Chardonnay was first planted in Israel in the 1980s with both Carmel and the Golan Heights Winery releasing Israel’s first quality varietal Chardonnay wines for the 1987 vintage. While Sauvignon Blanc is more widely planted than Chardonnay, Chardonnay is still a very popular grape in Israel, although both take a major backseat to Cabernet Sauvignon and other red varietals. Despite Israel’s location in the relatively hot Mediterranean Basin, perfectly suited for the constant consumption of crisply refreshing white wines, it is only in the last few years that Israelis have started to enjoy and consume white wines en masse, resulting in a ascertainable qualitative increase which bodes well for future releases. That said, Israel has been producing a few top-tier Chardonnay wines for many years including the “C” from Domaine du Castel and two of my favorites wines from the Golan Heights Winery’s Yarden Series – the Single Vineyard Organic Odem Chardonnay and the impeccable Blanc de Blanc, certainly Israel’s finest sparkling wine.
For this week’s newsletter, I have included some tasting notes of a number of Chardonnay wines I recently enjoyed and hope you will as well.
Bazelet HaGolan, Chardonnay, 2011: Only 933 bottles of this 100% Chardonnay were made. It spent nine months in oak which helped to grant it many of the traditional Chardonnay toasty and other notes. A bright nose of green apple, pineapple, white peaches, toasty oak, vanilla and some minerals is followed through on a medium bodied palate of tropical fruit, melon, stone fruit, more toasty wood, vanilla and chalky minerals; all balanced by good acidity that keeps the oak at bay and the fruit honest. Rich, round and mouthfilling with a discernible, but in no way overpowering, oaky presence. A medium finish rounds out this refreshing wine. Drink now through 2014.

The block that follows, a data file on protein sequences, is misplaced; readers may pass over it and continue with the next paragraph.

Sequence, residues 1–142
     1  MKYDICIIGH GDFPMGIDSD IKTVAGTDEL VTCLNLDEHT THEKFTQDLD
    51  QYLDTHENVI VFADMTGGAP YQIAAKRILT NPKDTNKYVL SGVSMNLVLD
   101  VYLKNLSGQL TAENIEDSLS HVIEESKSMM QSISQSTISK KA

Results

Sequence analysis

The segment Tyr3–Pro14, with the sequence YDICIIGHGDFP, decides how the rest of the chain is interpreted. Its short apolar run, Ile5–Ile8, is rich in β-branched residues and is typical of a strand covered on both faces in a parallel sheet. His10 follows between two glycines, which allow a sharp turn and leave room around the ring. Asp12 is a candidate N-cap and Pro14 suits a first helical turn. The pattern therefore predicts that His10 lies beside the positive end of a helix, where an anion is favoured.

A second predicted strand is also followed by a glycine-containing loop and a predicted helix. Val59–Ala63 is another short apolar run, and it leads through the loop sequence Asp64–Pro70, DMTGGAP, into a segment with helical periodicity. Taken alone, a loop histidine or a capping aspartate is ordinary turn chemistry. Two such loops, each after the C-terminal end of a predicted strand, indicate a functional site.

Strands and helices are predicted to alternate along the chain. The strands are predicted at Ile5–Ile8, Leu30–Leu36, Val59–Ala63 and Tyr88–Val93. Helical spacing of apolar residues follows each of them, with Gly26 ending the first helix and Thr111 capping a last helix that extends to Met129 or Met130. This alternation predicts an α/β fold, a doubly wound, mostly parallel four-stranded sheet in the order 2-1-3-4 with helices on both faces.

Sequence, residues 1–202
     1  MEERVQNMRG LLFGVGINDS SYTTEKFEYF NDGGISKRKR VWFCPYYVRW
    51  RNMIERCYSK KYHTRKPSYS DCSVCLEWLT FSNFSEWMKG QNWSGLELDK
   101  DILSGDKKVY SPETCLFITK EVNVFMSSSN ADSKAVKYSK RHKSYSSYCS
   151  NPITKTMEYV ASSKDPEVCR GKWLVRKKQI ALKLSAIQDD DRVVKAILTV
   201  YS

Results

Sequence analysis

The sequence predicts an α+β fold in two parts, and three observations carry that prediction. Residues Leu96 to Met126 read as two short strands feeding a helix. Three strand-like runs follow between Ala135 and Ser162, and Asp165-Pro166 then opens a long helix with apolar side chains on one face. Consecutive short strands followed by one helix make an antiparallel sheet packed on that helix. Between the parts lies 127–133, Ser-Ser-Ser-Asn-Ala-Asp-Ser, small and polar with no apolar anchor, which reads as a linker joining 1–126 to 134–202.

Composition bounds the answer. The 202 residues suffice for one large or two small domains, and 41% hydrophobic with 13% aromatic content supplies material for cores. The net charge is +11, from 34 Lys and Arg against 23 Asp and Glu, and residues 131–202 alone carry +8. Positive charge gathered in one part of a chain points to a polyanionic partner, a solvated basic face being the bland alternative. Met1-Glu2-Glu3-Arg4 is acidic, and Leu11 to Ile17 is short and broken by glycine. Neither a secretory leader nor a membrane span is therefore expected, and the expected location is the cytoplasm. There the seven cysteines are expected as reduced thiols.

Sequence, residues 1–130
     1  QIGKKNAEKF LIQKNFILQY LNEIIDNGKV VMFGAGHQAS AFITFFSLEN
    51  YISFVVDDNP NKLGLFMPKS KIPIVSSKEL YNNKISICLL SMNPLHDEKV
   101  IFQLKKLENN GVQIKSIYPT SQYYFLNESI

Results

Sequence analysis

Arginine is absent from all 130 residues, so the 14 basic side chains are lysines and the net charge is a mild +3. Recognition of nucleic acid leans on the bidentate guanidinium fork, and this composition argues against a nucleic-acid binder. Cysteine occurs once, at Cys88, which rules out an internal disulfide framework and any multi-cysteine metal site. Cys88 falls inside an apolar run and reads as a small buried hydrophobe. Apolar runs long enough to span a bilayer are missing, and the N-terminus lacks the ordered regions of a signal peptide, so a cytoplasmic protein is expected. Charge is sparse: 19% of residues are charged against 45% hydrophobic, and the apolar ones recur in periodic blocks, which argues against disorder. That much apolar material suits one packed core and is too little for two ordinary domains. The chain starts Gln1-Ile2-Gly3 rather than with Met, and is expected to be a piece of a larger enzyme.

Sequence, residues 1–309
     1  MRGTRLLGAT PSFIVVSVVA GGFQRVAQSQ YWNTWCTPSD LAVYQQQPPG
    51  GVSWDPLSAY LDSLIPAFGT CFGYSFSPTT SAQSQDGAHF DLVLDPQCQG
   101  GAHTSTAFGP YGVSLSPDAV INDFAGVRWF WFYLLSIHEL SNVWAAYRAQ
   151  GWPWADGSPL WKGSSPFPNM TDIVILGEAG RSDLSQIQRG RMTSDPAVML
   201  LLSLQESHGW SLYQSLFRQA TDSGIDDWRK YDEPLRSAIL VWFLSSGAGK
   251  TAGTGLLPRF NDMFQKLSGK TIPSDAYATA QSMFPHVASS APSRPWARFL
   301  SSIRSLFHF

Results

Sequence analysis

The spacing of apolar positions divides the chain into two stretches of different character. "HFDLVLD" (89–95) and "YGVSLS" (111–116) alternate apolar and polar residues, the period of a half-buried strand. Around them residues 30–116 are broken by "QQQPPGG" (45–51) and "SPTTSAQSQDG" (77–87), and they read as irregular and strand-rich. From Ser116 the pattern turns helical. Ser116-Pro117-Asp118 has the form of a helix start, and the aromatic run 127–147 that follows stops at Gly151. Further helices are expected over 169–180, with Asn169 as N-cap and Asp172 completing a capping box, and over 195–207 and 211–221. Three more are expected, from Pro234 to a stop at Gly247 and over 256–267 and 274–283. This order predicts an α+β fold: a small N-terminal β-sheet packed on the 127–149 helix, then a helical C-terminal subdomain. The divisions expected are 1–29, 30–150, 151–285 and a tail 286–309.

Bravdo, Chardonnay, 2012: A successful follow up to the delicious 2011 vintage, this wine was in oak barrels through malolactic fermentation before being removed to develop in stainless steel tanks. A delightfully aromatic nose of tropical fruit, tart apple, pear, plenty of citrus and some viscous minerality is backed up by a subtle hint of spicy oak. A medium bodied palate has plenty of fruit and citrus with good acidity keeping the wine lively and leading into a lingering finish of citrus and a pleasing hint of bitterness. Drinking beautifully now and for the next 12-18 months.
Carmel, Appellation, Chardonnay, 2011: Reflective of Carmel’s ongoing trend toward subtlety, only 50% of this years wine spent six months in oak (down from 75% for the 2010 vintage) resulting a nice, medium bodied and refreshing wine, providing good value, similar to many of the other wines in this series. The wine has a nice nose of green apple, melon and guava, along with slightly toasty notes of oak, a hint of butter and good acidity which keeps the wine light and refreshing while providing sufficient complexity to pique one’s interest.
Castel, “C” Chardonnay, 2011: On first attack the nose is heavy on the smoky oak which slightly obscures the generous fruit notes beneath, but give this wine some time to open up and the oak recedes revealing a bright nose of apple, tropical fruits, melon, bright citrus and minerals that follow through onto an elegant and well-balanced medium bodied palate of more tropical fruit, lemon zest, toasty oak, some flinty minerals and a classy and lingering finish laced with minerals.